the world is. And therefore here they are to be restrained from preaching such doctrine, if they mean to preserve their government: and the necessity of the thing will justify the lawfulness of the thing. If they think it to themselves, that cannot be helped; so long it is innocent as much as concerns the public: but if they preach it, they may be accounted authors of all the consequent inconveniences, and punished accordingly. No doctrine that destroys government, is to be endured. For although those doctrines are not always good that serve the private ends of princes, or the secret designs of state, which by reason of some accidents or imperfections of men may be promoted by that which is false and pretending; yet no doctrine can be good that does not comply with the formality of government itself, and the well-being of bodies politic. “ Augur cùm esset Cato, dicere ausus est, optimis auspiciis ea geri, quæ pro reipublicæ salute gererentur; quæ contra rempublicam ferrentur contra auspicia ferrig." Religion is to meliorate the condition of a people, not to do it disadvantage: and therefore those doctrines that inconvenience the public, are no parts of good religion. Ut respublica salva sit,' is a necessary consideration in the permission of prophesyings; for according to the true, solid, and prudent ends of the republic, so is the doctrine to be permitted or restrained, and the men that preach it according as they are good subjects and right commonwealth's men. For religion is a thing superinduced to temporal government, and the church is an addition of a capacity to a commonwealth, and therefore is in no sense to disserve the necessity and just interests of that, to which it is superadded for its advantage and conservation.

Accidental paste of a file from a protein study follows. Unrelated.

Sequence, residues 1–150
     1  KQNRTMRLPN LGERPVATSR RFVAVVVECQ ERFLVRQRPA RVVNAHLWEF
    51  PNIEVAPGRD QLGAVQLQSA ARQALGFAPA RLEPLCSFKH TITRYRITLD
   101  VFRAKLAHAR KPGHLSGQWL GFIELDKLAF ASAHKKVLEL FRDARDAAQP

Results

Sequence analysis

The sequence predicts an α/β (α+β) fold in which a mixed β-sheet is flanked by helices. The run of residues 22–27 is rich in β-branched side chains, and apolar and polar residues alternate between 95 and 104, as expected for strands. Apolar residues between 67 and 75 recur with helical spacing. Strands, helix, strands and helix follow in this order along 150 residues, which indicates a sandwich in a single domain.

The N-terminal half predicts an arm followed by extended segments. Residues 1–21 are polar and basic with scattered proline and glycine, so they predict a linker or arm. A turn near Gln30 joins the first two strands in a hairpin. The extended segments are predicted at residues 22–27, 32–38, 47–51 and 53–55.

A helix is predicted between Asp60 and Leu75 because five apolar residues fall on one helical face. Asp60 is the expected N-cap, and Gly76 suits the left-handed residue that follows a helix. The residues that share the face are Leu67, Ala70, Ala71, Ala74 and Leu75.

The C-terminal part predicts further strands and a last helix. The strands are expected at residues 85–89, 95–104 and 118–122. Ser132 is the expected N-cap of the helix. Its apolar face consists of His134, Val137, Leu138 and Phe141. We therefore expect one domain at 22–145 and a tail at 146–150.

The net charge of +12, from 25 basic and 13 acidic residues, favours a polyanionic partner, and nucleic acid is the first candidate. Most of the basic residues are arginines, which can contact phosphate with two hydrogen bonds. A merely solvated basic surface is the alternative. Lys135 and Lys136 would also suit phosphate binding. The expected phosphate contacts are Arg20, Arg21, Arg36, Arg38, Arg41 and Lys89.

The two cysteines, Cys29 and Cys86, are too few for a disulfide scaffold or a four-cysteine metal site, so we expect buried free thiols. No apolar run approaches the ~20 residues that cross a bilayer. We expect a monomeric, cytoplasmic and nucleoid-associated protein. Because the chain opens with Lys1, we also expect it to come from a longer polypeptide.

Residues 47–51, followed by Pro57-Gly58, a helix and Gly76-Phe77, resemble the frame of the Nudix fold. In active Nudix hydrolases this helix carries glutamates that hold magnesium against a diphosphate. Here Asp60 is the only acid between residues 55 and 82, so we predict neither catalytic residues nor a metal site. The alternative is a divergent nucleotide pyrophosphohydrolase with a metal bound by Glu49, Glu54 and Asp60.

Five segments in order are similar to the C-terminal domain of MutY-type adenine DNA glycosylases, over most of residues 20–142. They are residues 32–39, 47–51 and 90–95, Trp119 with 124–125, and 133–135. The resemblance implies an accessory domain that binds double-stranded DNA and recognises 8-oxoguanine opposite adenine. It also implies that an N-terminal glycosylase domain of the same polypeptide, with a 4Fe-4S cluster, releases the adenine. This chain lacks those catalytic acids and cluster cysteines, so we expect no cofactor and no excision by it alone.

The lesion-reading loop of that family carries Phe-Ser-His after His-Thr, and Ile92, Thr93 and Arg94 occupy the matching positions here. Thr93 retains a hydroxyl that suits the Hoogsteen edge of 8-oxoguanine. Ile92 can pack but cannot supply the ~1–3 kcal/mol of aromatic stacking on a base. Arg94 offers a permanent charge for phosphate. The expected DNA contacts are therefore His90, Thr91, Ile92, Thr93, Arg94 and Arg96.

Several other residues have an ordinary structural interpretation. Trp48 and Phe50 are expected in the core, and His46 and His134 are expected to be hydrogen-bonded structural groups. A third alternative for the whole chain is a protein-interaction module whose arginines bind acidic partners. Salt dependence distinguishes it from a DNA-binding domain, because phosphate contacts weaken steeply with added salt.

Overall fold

2. And thus by a proportion to the rules of these instances all their other doctrines are to have their judgment as concerning toleration or restraint: for all are either speculative or practical, they are consistent with the public ends or inconsistent, they teach impiety or they are innocent; and they are to be permitted or rejected accordingly. For in the question of toleration, the foundation of faith, good life and government are to be secured: in all other cases the former considerations are effectual.
4 Cicero de Senectute. 4, 4. Wetzel. p. 28.